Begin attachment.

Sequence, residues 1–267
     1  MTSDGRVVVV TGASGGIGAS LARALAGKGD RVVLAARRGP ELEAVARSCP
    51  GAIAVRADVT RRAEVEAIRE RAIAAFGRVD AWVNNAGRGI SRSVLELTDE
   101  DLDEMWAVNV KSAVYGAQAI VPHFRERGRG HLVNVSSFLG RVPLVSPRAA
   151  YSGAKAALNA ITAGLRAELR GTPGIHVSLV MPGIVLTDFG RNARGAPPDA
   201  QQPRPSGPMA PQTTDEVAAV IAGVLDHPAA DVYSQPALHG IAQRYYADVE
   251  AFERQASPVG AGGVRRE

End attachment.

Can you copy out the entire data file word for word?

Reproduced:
Sequence, residues 1–267
     1  MTSDGRVVVV TGASGGIGAS LARALAGKGD RVVLAARRGP ELEAVARSCP
    51  GAIAVRADVT RRAEVEAIRE RAIAAFGRVD AWVNNAGRGI SRSVLELTDE
   101  DLDEMWAVNV KSAVYGAQAI VPHFRERGRG HLVNVSSFLG RVPLVSPRAA
   151  YSGAKAALNA ITAGLRAELR GTPGIHVSLV MPGIVLTDFG RNARGAPPDA
   201  QQPRPSGPMA PQTTDEVAAV IAGVLDHPAA DVYSQPALHG IAQRYYADVE
   251  AFERQASPVG AGGVRRE